“That’s on top of the range of other battery projects that we have for our energy system here in the southwest of the state,” he said.

Johnston wound up by reiterating the government’s support of the exploration sector, mentioning its recent announcement of an increase to its Exploration Incentive Scheme (EIS) funding.

An extra $5 million in funding for the EIS will increase funding for the EIS to $15 million in 2020-21.

The EIS supports five high-level programs, including the successful co-funded drilling program, which offers up to a 50 per cent refund for innovative drilling in under-explored areas in WA.

“The additional $5 million funding will invigorate the industry and allow more exploration companies to participate in the co-funded drilling program, creating jobs for Western Australians,” Premier Mark McGowan said in the announcement.

“The flow-on effect from this additional investment in exploration and technology will result in drilling companies deploying more rigs and workers, and lead to new resource discoveries.”

Johnston went on to inform Paydirt Nickel Conference delegates that the government was also reforming the current regulatory framework to reduce timelines for approvals process.

“I’m pleased to say that the department is reaching its reduced program of works timeline to just 15 business days and 99 per cent of applications since we changed the target date,” He went on.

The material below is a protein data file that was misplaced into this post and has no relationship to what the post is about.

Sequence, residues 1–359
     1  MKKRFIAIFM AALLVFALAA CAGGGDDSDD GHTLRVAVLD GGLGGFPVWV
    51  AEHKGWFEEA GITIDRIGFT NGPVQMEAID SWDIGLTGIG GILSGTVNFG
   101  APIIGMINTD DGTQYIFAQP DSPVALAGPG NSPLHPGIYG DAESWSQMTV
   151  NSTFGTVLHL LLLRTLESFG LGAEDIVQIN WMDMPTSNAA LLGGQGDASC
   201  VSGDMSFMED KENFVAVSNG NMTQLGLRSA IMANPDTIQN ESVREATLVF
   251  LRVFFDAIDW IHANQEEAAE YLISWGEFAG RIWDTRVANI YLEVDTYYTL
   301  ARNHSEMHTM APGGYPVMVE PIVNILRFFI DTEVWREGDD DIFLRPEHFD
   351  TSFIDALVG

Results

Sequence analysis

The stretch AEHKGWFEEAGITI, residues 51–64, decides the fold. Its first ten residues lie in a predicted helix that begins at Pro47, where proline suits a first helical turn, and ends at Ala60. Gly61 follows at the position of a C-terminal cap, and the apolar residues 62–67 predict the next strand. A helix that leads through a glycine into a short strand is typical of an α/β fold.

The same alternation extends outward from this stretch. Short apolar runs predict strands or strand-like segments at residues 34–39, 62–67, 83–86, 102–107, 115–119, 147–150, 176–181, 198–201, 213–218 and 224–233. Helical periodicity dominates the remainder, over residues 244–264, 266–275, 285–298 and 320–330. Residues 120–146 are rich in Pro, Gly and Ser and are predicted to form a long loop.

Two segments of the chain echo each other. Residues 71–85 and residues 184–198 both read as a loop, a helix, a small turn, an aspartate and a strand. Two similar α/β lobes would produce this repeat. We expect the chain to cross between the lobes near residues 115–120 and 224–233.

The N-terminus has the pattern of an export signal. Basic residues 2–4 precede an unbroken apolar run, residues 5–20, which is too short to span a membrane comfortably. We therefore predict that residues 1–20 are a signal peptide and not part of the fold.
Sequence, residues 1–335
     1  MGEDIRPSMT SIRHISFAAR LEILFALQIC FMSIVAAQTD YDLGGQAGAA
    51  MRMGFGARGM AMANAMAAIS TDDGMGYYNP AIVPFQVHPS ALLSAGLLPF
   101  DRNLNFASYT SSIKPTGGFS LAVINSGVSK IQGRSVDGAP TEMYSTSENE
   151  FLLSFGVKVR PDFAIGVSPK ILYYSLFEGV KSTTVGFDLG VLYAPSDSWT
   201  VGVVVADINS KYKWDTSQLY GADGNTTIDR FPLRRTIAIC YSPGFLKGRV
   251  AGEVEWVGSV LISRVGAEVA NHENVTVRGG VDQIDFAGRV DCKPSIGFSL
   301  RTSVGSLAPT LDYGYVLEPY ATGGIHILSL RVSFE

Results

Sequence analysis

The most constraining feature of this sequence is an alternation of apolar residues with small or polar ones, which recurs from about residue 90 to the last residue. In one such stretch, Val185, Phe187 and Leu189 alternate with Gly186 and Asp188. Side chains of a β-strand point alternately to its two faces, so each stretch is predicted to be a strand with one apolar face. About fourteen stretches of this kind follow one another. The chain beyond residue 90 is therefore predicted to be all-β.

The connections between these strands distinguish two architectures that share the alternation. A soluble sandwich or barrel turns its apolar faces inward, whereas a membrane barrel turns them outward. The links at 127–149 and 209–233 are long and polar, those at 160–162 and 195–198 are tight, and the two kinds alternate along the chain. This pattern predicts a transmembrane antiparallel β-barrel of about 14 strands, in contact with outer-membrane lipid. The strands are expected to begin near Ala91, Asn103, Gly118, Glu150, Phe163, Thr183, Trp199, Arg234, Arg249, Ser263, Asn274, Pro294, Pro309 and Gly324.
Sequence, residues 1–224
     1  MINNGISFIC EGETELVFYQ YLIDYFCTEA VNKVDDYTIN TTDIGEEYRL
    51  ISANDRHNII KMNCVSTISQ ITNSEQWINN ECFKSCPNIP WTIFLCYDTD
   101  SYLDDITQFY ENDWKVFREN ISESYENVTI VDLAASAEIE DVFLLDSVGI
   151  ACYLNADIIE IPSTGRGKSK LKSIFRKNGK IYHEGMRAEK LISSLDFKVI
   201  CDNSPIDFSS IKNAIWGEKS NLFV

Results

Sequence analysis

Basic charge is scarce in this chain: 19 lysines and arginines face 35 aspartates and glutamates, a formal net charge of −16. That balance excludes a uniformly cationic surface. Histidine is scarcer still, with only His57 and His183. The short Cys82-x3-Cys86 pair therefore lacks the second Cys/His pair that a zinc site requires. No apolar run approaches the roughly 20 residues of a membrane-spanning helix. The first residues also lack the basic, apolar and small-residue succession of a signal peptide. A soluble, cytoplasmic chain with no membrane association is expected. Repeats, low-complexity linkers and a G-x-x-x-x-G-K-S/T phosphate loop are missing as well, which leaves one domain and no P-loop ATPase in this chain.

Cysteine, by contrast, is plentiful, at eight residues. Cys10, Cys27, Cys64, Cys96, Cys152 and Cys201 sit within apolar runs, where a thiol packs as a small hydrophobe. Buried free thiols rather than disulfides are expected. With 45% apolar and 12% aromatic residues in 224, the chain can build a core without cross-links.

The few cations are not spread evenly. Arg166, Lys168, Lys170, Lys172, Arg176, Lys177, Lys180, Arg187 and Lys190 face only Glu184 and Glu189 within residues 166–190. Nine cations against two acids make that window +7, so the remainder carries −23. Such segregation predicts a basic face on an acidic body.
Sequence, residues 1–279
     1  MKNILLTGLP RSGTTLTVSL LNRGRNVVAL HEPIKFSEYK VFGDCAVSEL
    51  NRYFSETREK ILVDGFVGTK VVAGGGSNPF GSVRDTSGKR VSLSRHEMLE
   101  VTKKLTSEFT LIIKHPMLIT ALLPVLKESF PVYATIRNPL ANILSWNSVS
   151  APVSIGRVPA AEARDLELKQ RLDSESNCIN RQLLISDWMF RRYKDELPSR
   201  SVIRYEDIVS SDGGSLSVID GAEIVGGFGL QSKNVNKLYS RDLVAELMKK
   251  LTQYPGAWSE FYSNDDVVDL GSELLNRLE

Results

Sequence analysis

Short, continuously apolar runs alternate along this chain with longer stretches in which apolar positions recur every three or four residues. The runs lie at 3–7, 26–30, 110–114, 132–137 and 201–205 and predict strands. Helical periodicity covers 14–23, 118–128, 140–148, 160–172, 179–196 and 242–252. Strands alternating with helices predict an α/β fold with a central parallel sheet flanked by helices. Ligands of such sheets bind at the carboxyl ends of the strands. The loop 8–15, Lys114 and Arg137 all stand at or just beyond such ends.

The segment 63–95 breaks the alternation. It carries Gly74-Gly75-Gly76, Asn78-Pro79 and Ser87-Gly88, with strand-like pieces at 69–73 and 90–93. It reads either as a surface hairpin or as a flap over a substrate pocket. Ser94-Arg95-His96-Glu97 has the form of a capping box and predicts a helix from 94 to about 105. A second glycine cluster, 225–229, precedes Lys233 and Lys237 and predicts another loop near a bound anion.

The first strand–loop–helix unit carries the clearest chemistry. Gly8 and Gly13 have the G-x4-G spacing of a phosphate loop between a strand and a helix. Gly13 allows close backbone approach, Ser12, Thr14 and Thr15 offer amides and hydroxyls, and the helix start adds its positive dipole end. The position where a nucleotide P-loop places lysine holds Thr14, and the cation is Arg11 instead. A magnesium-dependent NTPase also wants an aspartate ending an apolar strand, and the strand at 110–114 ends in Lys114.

“we are also continuing to examine how we can reduce mining approvals…we are moving to a single approval instrument to approve mining activities across multiple tenements.

“We’re aligning reporting frameworks around projects, rather than individual tenements.

“There will be a viewing process for low-impact exploration and prospecting activities, which will allow automated approvals, subject to standard conditions.

“We’re removing duplications in environmental reporting, with one annual environmental report across all tenements and all agencies

“And, also we are seeking to move to biannual reporting after three years fro projects satisfactorily complying with environmental obligations.”


Inventory Expanded Despite Fund Raising Restrictions

THE CONFERENCE CALLER: Being the recent target of three formal takeover attempts has not stopped Alto Metals (ASX: AME) from adding gold ounces to its Lord Nelson deposit in Western Australia’s East Murchison. By Mark Fraser

Despite restricted access to regular fund-raising mechanisms during these corporate shenanigans, the WA-based junior has still managed to increase Lord Nelson’s inventory by 60 per cent (or 41,000 gold oz) since the start of last year.